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‘Retrospective’ tax issues flagged with $3m threshold for super

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By Miranda Brownlee
01 March 2023 — 2 minute read

The government should provide CGT relief for those impacted by the $3 million threshold to prevent capital gains being taxed retrospectively, says a policy expert.

***Editor's note: Treasury has now released further details on the earnings tax calculation for high balance funds***

On Tuesday (28 February), the government announced that from 2025–26 onwards, it will will apply a 30 per cent tax rate to earnings for balances above $3 million, opposed to the current 15 per cent rate.

Speaking before the announcement about the $3 million threshold, SMSF Association heady of policy and advocacy Tracey Scotchbrook said the introduction of a threshold means there will be a “tiered tax approach”, she said.

There is a zero tax rate for earnings on amounts in pension phase below the transfer balance cap, a 15 per cent tax rate for those with balances above the transfer balance cap but below the $3 million soft cap and there will be a 30 per cent tax rate for earnings on amounts above the $3 million.

The proposed change to the tax regime for super raises important issues for how unrealised capital gains will be treated, she noted.

“This is an interesting question because if you change the tax rate and you’re leaving those funds within super, then you’ve effectively made those tax measures retrospective. Capital gains that have accumulated on an asset that’s been sitting there for 20 years are now going to be taxed differently to when those gains have been earned.”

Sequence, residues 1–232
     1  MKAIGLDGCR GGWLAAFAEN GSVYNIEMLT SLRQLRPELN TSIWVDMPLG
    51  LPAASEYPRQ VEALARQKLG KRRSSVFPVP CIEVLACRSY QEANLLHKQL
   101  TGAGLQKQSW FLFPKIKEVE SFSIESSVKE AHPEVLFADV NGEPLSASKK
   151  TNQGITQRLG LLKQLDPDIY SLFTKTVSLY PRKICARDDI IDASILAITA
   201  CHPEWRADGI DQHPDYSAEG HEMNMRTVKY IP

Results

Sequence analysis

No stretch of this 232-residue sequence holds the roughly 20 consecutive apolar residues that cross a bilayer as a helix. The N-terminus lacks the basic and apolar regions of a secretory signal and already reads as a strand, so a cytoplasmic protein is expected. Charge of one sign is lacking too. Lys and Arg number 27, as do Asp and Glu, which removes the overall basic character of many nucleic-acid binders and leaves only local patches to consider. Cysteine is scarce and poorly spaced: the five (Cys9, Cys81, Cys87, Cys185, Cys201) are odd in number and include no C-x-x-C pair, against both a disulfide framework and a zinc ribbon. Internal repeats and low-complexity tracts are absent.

“That’s not an ideal scenario at all.”

Ms Scotchbrook noted however that there is a precedent with the fair and sustainable super reforms.

“You’ll remember the headache of people trying to restructure their pensions and then looking at the CGT concessions that applied depending on people’s scenarios.”

“We think there’s an opportunity if this is where they’re going to go to allow for a deemed disposal in a similar fashion to what happened there to make sure that underlying 15 per cent tax rate is locked in, we get the asset cost base reset and then we can move forward.”

Alternatively, Ms Scotchbrook said there could be a new calculation that gets factored into the ultimate disposal that achieves a similar outcome.

In an article this week, Heffron head of SMSF technical and education services Lyn Formica also raised concerns about the retrospective impact of the measure on capital gains which have been accruing over the years but haven’t been realised until after 1 July 2025.

“If a capital gain is realised on or before 30 June 2025 in an accumulation account, it would be taxed at 10% (ie 15% less 1/3rd discount that applies to assets held longer than 12 months). If sold a day later on 1 July 2025, the capital gain would be taxed at 20% (ie 30% less 1/3rd discount). Will we see another cost base reset like we saw in 2017?” she questioned.

The SMSF Association said this week that while it remains opposed to the introduction of the new threshold on superannuation balances, having a threshold with earnings on balances above the cap taxed at a reduced concessional rate was its preferred option.

“Initial fears of a hard cap targeting certain SMSFs with high balances appear to have thankfully not be realised,” said SMSF Association chief executive Peter Burgess.

‘Retrospective’ tax issues flagged with $3m threshold for super
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